"Post-Club/Deconstructed-Club" thread


Yes to all this.

What really bummed me out about the whole ‘post-club’ bullshit is that none of the artists really ever delivered, at least for me. I know Arca, Lotic, et al have their fans but I never heard the degree of proficiency in terms of production or DJ’ing to warrant such an esoteric tag. But then again, this is what professional music journalism does now: installs convenient narratives where none exist, panders to PR and ad agencies, and reduces a complex array of artists to a pretentious catchall. The boom-and-bust cycle of new subgenres and scens in the post-dubstep period was fucking INSANE as every six months there’d be a new genre or fad and by the time they got to the “purple sound” which was just three or four producers clearly uncomfortable about having their music reduced to that descriptor whose careers were basically aborted by hype. It’s a tricky fucking game, that’s for sure.


Haven’t you just replaced one genre name with another here? Deconstructed club to Avant garde?
Avant garde is forward-looking; arguably every genre of music has an avant garde section of it, where people are pushing the limits of the genre.

Post/deconstructed club music, even if you dislike the name, does have common threads and sounds, as evidenced across all those posted above. Surely there has to be some level of classification and grouping to enable people to follow and contribute to this style?

Other genres encompass what you say entirely; with artists producing for club, home, live whatever. People are able to differentiate between artists and their end intentions within other genres or areas of music, it’s the same here…


I think like any genre, deconstructed club is a new thing and is experiencing growing pains. There is a lot of derivative shit in any genre, but right now the derivative stuff in deconstructed club is prominent because the genre is small, and there is a fair amount of attention on it at the moment. Also because the genre is young and hot, there are a lot of people trying to jump on it who don’t really have any new ideas.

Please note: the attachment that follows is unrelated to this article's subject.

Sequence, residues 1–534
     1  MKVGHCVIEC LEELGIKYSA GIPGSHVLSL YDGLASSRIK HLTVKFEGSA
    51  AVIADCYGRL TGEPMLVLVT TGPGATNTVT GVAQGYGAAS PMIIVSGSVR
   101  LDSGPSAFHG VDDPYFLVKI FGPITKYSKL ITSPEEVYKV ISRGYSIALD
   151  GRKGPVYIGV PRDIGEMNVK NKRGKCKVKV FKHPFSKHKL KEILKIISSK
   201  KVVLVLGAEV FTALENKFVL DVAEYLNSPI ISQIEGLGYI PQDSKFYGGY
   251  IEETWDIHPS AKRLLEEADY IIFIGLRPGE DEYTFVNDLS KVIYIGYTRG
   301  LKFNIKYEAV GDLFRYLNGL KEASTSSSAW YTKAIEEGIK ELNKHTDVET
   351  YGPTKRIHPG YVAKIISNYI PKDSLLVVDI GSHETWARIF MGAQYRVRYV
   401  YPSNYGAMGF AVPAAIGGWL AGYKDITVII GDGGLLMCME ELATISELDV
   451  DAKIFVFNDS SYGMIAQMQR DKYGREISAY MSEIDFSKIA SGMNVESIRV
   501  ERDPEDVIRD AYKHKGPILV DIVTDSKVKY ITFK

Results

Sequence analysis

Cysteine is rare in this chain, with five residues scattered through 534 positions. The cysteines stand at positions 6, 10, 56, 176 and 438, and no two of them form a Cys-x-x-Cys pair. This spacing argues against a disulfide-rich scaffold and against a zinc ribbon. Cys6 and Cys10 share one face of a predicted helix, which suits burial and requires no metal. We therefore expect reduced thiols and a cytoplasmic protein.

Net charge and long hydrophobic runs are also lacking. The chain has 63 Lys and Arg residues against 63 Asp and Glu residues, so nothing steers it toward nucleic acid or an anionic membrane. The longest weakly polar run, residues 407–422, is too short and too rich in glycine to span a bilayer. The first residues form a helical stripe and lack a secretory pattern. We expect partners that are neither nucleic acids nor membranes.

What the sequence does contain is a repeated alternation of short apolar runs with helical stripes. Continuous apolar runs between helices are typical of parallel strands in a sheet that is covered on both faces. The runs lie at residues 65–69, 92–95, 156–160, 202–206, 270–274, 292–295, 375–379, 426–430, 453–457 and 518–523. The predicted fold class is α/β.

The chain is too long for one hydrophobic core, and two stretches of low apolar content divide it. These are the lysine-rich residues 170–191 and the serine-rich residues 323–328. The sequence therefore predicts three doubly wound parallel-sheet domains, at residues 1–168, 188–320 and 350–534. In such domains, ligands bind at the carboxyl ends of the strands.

In terms of “the artists in this thread not sounding alike”, genres are broad. Ancient Methods and Jon Hopkins sound nothing alike, but both get called techno. It’s quite common that the biggest bands in a genre sound a bit different to the rest. For example, The Cure are one of the biggest post-punk/goth bands, but there are atypical elements to their sound. Converge are one of the biggest hardcore bands but they bring in a lot of outside influences. So I don’t think it’s necessarily a surprise that the most prominent “deconstructed club” artists like Arca sound a bit different to what we think of when we think about the sounds that unite these artists. And then just like you think “progressive rock” should be well… progressive, there are a ton of bands in the genre aping the 70s sound, who are anything but progressive.

In terms of “deconstructed club” being a wank name, I agree, but it is what it is. It’s how people identify the scene or sound now. “Experimental” or “avant-garde” would do just as well as @Alicks said.


Right now ‘Post/Deconstruced-Club’ is in it’s Youtube Dubstep Remix era where no one is really doing anything good and everyone thinks they can make a Remix that fits within the style and post it online. I guess what we need now is it’s Post-Dubstep era, Post-Post-Club? Loooooool

Also on another note Sd Laika > Arca


I think this is a good point. Now, of course, there are issues with using that descriptor as well as there is a healthy debate whether the avant-garde even exists anymore. As @parrishcouncil council observes, the avant-garde’s ‘shock of the new’–to borrow a phrase from Mark Fisher–was definitely a distinctly modernist characteristic. Though I’ve never really liked that vague notion of ‘newness’ that Reynolds and Fisher so often invoke…personally I think “fringe” or “on-the-margins” is more descriptive while also remaining open and flexible.

Genres have always served a distinctively linguistic purpose and often evoke either a quality, attitude, or geographical origin of the music that allows listeners to talk about a wide range of artists under the same umbrella. I think everyone is expressing a similar frustration in that we are lacking a critical language that is growing and responding with today’s musical developments, which are also more nuanced and less obviously ‘new’ than, say, jungle’s mutation from hardcore.